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  7. Definitely important to pass on to others. I do find these types of books inspiring but like you say, then you come crashing down wondering how and why we’ve let things slip so far xx

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  8. I think Narf77 has articulated my thoughts better than I could have myself. So many important issues here Brydie, thanks for reminded us and sharing this important information. Food waste is something I personally feel very strongly about. 40% is ridiculous isn’t it?

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  9. Fantastic! I saw the Fair Food Documentary, and its truly an inspiring film. I can’t wait to read the book now, I’ve just placed my order ๐Ÿ™‚ I’ve doubled my veg patch from last year, and have started my spring plantings (its been a loooong Canberra frosty winter). I love that more and more restaurants are sourcing local produce, and that peoples attitudes to food sovereignty are slowly but surely changing.

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  10. After a week immersed in the recreational lives of family and friends who build rigs – big rigs extracting oil from the South China Sea – which fuel gas guzzlers sold by another which travel the roads and hi tech engineered bridges designed to clear more of our precious Australian natural habitats, my copy beckoned.

    My week commenced with the Byron Bay screening of “The Worm is Turning”. Off to a great start, I thought. Attempts across the remainder of the week’s indulgences to engage my intelligent capitilist companions in discussions on nutritious foods, chem-free products and peak oil were met with scant regard and responses [read: orders!] to get back into the corporate world now that my ecological “farming” degree is complete. The implication: get a real job!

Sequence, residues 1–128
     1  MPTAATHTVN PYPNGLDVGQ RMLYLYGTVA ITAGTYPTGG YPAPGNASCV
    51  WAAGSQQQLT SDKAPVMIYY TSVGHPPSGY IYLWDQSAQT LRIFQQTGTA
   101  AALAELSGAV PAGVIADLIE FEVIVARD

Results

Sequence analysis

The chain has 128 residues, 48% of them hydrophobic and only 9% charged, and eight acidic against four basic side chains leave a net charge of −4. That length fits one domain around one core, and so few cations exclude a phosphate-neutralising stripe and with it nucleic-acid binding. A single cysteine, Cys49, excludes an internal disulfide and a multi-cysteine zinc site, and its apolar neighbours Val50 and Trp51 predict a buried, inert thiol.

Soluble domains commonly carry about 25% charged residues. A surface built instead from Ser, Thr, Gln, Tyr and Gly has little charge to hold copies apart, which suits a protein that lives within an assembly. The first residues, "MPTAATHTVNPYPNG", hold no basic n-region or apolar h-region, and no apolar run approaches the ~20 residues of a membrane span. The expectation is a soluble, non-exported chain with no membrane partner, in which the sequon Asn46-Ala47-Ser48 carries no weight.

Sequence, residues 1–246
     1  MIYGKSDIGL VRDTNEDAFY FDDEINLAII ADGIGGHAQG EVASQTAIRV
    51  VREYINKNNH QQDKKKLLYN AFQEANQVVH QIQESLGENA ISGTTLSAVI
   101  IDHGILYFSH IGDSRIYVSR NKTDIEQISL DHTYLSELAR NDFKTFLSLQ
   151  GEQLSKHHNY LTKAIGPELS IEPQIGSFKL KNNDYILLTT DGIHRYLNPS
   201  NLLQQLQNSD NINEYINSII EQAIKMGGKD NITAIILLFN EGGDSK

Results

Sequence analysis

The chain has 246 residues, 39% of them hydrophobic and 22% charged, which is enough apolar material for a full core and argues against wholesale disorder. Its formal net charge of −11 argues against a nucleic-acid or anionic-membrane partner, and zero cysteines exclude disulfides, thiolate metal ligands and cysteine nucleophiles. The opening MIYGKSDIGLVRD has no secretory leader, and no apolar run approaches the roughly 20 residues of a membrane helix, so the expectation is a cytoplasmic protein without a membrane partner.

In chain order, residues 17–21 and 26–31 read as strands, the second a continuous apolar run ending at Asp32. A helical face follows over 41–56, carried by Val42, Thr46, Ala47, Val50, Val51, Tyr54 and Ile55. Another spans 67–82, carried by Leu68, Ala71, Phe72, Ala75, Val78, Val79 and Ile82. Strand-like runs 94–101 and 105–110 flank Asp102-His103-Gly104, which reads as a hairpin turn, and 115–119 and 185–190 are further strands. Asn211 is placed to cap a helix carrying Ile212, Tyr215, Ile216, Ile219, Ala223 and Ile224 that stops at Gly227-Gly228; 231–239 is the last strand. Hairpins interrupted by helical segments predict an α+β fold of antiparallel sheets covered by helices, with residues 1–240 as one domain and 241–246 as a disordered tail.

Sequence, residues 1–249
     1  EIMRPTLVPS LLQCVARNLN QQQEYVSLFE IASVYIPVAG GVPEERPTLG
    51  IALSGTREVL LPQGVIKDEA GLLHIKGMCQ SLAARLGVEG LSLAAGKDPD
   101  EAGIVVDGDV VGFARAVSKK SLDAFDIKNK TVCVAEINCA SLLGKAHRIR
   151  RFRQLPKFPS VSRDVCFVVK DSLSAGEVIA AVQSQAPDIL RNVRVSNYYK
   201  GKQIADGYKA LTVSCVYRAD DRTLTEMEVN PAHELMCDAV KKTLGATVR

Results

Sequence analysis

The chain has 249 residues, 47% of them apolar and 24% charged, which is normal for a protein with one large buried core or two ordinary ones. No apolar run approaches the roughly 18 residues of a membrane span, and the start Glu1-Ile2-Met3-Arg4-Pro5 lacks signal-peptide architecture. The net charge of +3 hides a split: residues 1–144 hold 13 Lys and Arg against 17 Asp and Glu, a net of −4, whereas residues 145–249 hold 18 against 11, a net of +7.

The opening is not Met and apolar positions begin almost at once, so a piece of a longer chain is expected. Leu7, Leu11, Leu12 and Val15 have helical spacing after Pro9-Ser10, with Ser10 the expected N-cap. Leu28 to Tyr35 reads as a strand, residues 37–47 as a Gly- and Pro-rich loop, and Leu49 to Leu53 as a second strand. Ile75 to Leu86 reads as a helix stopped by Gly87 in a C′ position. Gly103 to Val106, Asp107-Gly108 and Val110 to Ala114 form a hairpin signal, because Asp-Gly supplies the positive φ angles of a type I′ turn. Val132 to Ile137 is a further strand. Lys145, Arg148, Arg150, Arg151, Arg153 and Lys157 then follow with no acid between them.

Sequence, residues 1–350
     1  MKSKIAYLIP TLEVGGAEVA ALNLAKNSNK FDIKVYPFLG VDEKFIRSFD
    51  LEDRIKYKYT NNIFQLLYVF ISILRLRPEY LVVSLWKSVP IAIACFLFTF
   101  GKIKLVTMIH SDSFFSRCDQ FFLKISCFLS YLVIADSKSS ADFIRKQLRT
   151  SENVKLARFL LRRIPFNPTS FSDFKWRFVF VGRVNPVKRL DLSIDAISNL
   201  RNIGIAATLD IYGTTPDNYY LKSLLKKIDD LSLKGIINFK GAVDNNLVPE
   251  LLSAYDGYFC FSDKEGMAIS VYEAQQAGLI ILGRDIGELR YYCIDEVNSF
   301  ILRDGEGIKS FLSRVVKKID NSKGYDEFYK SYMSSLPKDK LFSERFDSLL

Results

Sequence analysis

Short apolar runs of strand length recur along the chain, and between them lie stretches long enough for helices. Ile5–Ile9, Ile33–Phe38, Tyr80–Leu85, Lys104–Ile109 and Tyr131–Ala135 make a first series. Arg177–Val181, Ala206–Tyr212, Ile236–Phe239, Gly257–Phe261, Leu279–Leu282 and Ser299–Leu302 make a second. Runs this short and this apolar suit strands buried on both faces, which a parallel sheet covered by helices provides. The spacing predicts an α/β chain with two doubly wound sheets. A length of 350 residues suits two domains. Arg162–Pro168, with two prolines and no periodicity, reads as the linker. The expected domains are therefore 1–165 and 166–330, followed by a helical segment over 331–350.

Yezterday, as I sat in the airport lounge awaiting my return flight home from an undeniably fun week, I opened up my Fair Food copy with relief. With a sense of comfort and community, I was already home.

    Highly recommended reading experience.

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  11. Glad you liked the book and my story and it’s great to see through your blog and readers comments that there are heaps of people living out these values daily ๐Ÿ™‚ In case you hadn’t come across it before, I owe such a debt to Shannon Hayes who wrote the Radical Homemaking book and blogs all about it. Now she’s an inspiring read!! Check her out: http://theradicalhomemaker.net/

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  12. This is a great post, the most alarming sentence being ‘We waste nearly 40% of all food we produce.’ That is a truly worrying and frankly pretty disgusting stat. Will definitely check out the book. Have been feeling book cravings lately.
    PS. You are the queen of excellent tags Brydie, my favourite being your signature ‘supermarketbreadpffft’. I just noticed ‘waffles and digressions’ ๐Ÿ™‚

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  13. Pingback: Fair Food Week | cityhippyfarmgirl

  14. Pingback: Finding my tribe #Brydie at Cityhippyfarmgirl – Greening the Rose